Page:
Profile - Jack Kavanagh (1879-1964)
Socialist, trade unionist and political activist John (Jack) Patrick Marcus Kavanagh was born in Ireland. His family moved to Liverpool when he was young but both his parents died by the time he was 11. At 19 he enlisted in the King's Royal Rifle Corps and fought in the Boer War in South Africa.
In 1907 Jack migrated to Vancouver where he learnt the trade of tile laying. He quickly became involved with the Socialist Party of Canada and other trade and labour organisations. In 1921 he helped found the underground Communist Party of Canada and in 1922 he was elected to its National Executive.
Jack married twice and had two children, one with each of his wives, before meeting Edna Louise Hungerford (née Hay). The pair sailed for Australia in 1925, with his eldest daughter and Edna’s son, and appropriately arrived in Sydney on May Day. Jack wasted no time in pursuing his passion for activism and socialism and within months of his arrival, he was elected chairman of the Communist Party of Australia (CPA) and became editor of the Workers' Weekly (1925-1929).
In 1928 he founded the Militant Minority Movement and was elected to the Labor Council of NSW, but he found it difficult to combine his roles with the Labor Council and the CPA. In 1929, the Stalinist Communist International ordered all links with the 'social fascists' in trade unions and national Labor parties be severed, a directive that Jack rejected. What followed was a turbulent period. He unsuccessfully stood as a candidate for Newtown in the 1930 and 1932 elections. In 1930 moves were made to expel him from the CPA, which he fought vigorously, but nevertheless was expelled in January 1931. He successfully campaigned to be readmitted but was again expelled in 1934 when he was accused of Trotskyism. He subsequently forged ties with Trotskyite groups and in 1935 helped to form an anti-war committee, remaining involved in left-wing activity during the Second World War.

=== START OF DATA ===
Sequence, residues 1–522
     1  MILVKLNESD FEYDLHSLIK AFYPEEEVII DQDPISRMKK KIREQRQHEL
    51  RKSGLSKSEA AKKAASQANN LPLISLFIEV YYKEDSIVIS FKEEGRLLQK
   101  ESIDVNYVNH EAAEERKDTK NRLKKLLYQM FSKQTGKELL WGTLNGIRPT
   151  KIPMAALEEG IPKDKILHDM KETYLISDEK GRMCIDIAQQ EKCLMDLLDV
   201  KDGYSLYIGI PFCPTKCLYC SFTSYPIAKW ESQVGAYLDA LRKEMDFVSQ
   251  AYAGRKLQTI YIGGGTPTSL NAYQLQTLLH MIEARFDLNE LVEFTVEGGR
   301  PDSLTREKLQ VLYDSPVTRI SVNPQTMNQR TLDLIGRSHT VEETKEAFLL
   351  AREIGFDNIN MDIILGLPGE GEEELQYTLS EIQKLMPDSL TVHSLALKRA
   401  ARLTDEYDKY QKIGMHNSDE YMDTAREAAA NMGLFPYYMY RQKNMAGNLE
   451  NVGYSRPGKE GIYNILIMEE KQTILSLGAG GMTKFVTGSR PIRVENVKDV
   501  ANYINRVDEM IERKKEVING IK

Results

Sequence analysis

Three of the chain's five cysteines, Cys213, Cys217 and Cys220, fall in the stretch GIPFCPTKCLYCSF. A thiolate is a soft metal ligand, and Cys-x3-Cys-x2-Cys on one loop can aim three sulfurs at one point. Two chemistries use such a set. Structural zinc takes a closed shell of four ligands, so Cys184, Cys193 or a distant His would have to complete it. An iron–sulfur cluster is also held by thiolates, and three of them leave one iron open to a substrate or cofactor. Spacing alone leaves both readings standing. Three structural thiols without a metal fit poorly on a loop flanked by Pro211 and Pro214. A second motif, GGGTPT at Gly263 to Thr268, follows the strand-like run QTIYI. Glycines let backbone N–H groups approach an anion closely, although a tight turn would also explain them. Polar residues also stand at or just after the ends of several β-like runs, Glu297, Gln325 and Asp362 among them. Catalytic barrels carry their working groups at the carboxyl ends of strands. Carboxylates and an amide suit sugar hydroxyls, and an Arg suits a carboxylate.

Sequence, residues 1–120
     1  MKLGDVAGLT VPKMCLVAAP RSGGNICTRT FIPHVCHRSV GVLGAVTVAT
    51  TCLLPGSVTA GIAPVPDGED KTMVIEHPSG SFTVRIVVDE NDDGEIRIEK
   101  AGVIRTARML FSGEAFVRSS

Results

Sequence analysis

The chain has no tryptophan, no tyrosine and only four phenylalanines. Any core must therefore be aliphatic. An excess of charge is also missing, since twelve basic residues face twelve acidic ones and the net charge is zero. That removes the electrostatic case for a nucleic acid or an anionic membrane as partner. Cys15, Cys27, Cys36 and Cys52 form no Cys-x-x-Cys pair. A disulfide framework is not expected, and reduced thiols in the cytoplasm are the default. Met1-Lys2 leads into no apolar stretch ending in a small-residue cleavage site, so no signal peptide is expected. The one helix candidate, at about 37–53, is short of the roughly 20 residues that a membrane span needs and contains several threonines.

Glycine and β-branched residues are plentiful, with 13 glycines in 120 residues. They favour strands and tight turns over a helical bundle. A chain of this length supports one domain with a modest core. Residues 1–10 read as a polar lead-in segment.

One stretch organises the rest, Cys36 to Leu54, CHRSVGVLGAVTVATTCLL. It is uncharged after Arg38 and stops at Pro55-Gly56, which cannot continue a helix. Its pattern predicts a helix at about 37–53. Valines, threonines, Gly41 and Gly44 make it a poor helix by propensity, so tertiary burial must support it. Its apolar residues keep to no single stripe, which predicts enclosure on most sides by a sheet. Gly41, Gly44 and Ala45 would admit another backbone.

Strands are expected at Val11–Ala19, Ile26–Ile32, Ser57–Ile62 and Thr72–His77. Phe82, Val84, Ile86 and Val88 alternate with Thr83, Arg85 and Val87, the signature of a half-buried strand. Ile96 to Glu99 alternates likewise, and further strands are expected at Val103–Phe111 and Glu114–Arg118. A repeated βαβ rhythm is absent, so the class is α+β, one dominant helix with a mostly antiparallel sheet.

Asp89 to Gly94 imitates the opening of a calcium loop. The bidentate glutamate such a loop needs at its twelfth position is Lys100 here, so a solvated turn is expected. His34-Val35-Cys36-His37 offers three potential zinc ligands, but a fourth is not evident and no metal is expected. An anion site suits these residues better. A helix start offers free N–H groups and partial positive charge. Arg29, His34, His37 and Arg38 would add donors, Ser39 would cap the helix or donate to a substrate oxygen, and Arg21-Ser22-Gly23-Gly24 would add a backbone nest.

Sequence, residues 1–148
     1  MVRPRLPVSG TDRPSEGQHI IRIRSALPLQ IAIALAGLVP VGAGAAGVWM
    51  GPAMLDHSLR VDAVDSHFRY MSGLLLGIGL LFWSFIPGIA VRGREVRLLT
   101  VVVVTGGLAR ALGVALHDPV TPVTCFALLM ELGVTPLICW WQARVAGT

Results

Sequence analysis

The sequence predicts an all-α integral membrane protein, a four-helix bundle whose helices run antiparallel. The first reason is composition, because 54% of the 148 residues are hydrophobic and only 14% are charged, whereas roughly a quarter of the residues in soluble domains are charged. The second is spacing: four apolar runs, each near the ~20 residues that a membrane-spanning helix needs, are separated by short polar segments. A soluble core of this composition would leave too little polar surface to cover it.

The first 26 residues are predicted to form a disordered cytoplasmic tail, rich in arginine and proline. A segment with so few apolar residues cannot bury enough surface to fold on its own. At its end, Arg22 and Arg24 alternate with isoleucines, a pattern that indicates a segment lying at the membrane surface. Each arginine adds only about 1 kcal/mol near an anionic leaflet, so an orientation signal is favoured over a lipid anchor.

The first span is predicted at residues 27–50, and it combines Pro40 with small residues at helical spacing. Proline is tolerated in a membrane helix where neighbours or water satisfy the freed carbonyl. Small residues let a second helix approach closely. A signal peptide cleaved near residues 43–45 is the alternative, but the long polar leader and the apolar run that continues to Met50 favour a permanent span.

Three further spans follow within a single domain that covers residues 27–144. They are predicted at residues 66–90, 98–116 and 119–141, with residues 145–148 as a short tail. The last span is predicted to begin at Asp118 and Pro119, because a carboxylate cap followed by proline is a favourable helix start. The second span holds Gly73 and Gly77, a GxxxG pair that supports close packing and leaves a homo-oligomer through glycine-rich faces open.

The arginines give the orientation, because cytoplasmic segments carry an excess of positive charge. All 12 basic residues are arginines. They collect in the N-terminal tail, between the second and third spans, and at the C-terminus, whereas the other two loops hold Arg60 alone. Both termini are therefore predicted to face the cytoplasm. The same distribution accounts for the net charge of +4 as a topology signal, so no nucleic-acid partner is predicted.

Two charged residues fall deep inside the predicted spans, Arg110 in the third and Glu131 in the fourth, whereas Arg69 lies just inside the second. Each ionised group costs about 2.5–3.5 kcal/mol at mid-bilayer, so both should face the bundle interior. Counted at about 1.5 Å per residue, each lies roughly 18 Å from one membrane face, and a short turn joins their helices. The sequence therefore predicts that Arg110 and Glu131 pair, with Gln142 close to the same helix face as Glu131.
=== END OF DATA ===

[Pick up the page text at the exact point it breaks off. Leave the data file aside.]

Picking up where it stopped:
Jack joined the Old Age & Invalid Pensioners' Association (OAIPA) of NSW in 1953 and campaigned passionately for pensioners’ rights. He edited the Pensioners’ Voice and was elected Sutherland Branch president of the OAIPA in 1954.
Jack Kavanagh died at his home in Sydney in 1964, survived by Edna, whom he had married in 1946, and his daughters.
Akers, D and Sampson, M 1996, John Patrick Marcus Kavanagh (1879-1964), Australian Dictionary of Biography, volume 14, National Centre of Biography, Australian National University, accessed <http://adb.anu.edu.au/biography/kavanagh-john-patrick-marcus-10658>